PlaneText is a framework for assisting you to apply any NLP tools you like to target real-world documents containing structured text. Currently, a tool is being developed for converting XML-tagged text into plain text sequences which can be directly input to NLP tools.
Downloadable tool package will be released in
You can try an online demo here.
Basic concept: converting XML document into plain text based on tag classification
Real-world documents do not simply consist of sentence sequences, but are “structured”. In some cases, they are sectioned, chaptered or footnoted, etc. In some cases, expressions which cannot be represented by normal characters, such as mathematical expressions, figures, or tables, are introduced into sentences. In some cases, sizes or colors of certain characters are changed. In other cases, some information which is not displayed but used for managing documents is embedded.
Most of natural language processing (NLP) tools, on the other hand, assume that input text consists of sequential sentneces, and therefore a user of the tools has to convert every target document into text sequences which can be input to the tools, which is very bothersome and delicate labor. Some users may give up using the tools, or other users may forcibly input such structured text to the tools and spoil the potential of the tools.
PlaneText is develeped for removing such barriers and problems that occur when people try to apply NLP tools to real-world documents.
The current version assumes that text is structured by XML tags, and provide the framework for converting structured text into plain text sequences which can be input to NLP tools, according to classification of observed tags into four types: Independent, Decoration, Object, and Meta-info tags. Although human labor is still required for tag classification, PlaneText eases the labor both by an efficient classification procedure and by two types of interfaces for the procedure: GUI-based and command line-based.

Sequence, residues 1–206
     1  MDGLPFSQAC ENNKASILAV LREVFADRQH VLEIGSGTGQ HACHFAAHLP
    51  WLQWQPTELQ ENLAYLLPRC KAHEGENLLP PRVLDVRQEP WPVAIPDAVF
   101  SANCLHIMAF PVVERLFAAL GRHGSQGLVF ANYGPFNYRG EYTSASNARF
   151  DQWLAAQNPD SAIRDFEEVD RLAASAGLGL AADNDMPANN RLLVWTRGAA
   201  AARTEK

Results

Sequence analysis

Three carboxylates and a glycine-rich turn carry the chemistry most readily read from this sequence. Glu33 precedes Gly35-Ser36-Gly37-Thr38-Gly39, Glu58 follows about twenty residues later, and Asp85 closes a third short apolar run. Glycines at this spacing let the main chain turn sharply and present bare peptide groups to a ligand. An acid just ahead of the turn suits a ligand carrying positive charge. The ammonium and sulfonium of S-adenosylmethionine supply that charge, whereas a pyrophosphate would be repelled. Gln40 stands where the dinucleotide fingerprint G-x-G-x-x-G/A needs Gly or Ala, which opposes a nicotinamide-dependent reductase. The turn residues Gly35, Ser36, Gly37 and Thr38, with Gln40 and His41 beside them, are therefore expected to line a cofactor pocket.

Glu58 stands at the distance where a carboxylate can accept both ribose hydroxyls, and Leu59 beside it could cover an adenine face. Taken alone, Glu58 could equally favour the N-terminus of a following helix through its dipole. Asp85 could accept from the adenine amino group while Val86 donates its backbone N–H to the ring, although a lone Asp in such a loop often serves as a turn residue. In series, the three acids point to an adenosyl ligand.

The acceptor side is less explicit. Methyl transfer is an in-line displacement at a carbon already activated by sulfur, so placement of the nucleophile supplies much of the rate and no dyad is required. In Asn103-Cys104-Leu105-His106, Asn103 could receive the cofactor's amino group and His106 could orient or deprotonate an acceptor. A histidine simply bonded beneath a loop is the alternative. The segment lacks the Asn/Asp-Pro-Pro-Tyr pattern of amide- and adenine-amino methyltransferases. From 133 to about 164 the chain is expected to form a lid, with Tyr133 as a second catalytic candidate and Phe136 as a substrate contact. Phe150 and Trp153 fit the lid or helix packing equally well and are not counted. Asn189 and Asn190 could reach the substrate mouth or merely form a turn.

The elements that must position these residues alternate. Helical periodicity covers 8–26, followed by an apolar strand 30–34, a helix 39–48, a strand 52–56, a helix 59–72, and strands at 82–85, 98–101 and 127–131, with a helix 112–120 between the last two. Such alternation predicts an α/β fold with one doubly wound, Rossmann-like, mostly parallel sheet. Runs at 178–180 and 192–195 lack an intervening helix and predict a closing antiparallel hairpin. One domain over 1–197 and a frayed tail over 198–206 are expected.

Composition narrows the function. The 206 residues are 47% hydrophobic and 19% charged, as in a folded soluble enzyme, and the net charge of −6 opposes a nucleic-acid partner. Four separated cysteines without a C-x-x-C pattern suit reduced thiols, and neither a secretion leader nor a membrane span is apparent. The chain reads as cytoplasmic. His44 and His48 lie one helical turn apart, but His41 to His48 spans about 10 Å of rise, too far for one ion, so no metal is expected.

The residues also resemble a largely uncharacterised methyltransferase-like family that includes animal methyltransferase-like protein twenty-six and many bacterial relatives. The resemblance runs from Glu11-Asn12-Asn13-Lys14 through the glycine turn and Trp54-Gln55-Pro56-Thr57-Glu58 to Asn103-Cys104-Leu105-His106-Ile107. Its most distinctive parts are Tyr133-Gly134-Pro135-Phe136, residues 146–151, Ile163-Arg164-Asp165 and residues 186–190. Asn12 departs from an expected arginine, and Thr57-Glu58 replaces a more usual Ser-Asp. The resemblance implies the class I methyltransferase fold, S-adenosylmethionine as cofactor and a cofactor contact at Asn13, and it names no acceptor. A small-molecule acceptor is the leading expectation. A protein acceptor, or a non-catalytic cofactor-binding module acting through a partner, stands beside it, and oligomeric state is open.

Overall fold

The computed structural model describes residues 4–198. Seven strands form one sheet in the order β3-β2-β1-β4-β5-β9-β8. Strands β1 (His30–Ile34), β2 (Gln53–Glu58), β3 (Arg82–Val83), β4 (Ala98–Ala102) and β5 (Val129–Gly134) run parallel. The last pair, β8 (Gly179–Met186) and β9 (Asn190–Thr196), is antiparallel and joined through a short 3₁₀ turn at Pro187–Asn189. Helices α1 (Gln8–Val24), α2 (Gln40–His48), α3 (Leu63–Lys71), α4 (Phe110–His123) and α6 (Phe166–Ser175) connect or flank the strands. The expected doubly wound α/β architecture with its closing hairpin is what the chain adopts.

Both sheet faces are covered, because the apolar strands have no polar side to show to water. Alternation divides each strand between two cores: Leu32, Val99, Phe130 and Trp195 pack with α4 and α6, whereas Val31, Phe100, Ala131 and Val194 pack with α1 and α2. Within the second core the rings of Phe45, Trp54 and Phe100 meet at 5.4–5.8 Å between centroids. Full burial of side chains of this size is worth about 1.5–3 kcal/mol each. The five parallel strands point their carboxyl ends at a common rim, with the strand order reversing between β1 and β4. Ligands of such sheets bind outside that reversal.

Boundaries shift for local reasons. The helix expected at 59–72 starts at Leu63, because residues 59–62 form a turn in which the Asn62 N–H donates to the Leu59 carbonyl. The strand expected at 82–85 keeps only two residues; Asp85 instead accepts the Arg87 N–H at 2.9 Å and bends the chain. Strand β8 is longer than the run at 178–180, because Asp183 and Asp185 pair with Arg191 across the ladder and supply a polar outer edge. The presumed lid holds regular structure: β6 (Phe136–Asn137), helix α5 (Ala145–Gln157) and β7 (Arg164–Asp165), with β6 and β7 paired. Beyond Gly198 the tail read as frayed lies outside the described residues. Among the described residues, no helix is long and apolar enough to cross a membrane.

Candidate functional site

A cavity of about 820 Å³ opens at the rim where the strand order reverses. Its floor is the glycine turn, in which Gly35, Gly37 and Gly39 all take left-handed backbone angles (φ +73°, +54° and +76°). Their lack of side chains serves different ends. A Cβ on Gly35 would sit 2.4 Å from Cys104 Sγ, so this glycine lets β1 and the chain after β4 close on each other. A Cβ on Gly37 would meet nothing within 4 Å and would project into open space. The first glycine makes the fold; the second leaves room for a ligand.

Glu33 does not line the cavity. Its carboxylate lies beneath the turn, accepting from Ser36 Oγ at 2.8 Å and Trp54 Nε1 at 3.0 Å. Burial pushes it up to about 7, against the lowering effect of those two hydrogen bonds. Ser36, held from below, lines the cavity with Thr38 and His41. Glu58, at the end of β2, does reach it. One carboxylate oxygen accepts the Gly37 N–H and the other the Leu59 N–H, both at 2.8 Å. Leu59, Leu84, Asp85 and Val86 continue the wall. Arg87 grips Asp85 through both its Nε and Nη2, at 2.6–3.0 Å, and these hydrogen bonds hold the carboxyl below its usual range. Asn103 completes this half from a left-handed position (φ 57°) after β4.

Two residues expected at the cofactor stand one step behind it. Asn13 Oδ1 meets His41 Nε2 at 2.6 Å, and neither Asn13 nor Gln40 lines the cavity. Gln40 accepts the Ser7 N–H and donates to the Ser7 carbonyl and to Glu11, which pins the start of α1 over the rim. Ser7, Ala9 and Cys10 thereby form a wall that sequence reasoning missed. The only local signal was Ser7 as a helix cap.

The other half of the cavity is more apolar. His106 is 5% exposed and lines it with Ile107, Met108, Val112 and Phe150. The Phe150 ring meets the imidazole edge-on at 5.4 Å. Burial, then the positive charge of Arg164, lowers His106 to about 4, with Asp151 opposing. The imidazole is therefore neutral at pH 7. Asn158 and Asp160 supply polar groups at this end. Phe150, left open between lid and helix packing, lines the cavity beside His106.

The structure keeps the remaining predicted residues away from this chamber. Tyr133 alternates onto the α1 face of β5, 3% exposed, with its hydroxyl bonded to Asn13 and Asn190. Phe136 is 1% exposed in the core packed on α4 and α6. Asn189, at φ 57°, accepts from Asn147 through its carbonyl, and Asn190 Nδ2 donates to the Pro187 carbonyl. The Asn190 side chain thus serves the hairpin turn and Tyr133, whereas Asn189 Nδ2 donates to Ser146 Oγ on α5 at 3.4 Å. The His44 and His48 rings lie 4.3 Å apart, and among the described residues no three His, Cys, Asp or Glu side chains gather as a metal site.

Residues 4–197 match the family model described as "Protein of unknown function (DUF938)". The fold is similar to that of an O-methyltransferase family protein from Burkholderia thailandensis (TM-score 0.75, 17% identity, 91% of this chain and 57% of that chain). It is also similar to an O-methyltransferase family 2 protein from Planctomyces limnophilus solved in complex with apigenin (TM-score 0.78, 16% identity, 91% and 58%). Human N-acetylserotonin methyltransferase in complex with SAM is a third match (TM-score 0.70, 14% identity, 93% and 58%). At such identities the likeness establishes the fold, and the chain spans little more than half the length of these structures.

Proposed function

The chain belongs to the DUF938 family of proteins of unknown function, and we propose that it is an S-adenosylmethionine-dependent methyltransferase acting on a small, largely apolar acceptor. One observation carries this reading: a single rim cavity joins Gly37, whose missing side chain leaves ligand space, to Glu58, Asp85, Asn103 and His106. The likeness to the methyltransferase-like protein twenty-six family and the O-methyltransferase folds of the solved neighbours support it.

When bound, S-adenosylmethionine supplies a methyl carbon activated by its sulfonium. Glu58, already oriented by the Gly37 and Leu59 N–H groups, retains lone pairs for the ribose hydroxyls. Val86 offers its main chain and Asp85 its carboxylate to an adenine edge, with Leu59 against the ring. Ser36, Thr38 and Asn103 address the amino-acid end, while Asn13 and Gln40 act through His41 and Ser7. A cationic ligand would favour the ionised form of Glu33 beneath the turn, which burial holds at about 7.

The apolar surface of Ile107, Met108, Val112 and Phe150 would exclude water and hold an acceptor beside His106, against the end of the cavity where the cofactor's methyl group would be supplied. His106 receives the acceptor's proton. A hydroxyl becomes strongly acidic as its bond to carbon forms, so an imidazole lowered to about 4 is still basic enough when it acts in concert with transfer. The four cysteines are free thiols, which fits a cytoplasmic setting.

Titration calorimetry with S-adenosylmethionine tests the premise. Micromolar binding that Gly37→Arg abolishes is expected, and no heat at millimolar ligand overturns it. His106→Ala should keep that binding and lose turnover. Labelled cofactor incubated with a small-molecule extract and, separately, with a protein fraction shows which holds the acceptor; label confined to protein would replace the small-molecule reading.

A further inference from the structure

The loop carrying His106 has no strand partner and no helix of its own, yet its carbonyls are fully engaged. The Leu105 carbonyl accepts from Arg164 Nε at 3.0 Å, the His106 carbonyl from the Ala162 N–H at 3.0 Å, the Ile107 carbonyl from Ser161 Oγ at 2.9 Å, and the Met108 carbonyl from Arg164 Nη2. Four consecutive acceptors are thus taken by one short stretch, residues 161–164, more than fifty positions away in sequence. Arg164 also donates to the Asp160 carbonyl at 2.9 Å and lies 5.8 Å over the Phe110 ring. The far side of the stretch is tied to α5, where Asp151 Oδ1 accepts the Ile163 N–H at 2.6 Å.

Four functional types of XML tags
PlaneText assumes that structurization of text is represented by XML tags, and classifies XML tags into four functional types of structurization.
- Independent： regard a tagged region as separate from surrounding text
- Decoration： change the displayed style of tagged region
- Object： introduce some non-natural-language structure into text
- Meta-info： insert some information on text which is not displayed
Take scientific papers for example. Each section, title, footnote or etc. is completed text while the region can be embedded within another sentence. In order to properly separate such regions from surrounding text, “Independent” tags are utilized.
Changing the size, color, font of characters in some regions or making some regions link to other locations, on the other hand, does not mean separation of sentences but just decorate or emphasize the target regions. The tags bringing such functions, that is, “Decoration” tags, can be therefore ignorable. (Such decoration or emphasis can actually suggest some word separation etc. which can be useful information for NLP tools. We are planning to utilize the information in our furture update.)
Mathematical expressions, figures, tables, itemization, etc. have some structures consisting not of simple characters but of special structures, symbols, images etc. and therefore cannot be analyzed by NLP tools. In PlaneText, such structures are called “Object” and the tags introducing Objects are called “Object” tags. (There are actually text within Object tags, which will be considered in our future update.)
The above three types of tags represent elements which are displayed while text sometimes contains not-displayed elements which give bookmarks for making index, adding information for managing documents, etc. The tags representing such regions are called “Meta-info” tags.
In PlaneText, according to classification of tags in the documents into the above four types, structurized documents are converted into plain text sequences which can be directly input to NLP tools, by “extracting each of text regions enclosed by Independent tags”, “removing Decoration tags”, “replacing the regions enclosed by Object tags with dummy words”, and “removing the regions enclosed by Meta-info tags”.
In many cases, each organization or publisher issues or holds documents in a certain style of tag fomat, and it is therefore possible to process a large amount of documents in the same format once classification of tags for the format is given.
Reflect user’s intention into tag classification
A document can consist of various textual regions separated by XML tags, and which part of the document to analyze using NLP tools — body text with titles excluded, publications in bibliography, or etc. — can accordingly vary among users.
In PlaneText, different demands by users can be reflected by changing the classification of tags. You can ignore titles in your NLP analysis by classifying the tags enclosing titles into Meta-info tags, or you can focus only on a publication list by classifying any tags other than the ones which enclose bibliography sections into Meta-info tags.
PlaneText thus leaves the final decision on tag classification to a user, while it introduces the procedure which decreases the user’s labor of tag classification by suggesting a minimal number of tags to classify. In our experiments, for each of several formats of documents, the documents can be converted into text sequences which can be input to NLP tools by classifying only one-fifth of tags in the documents .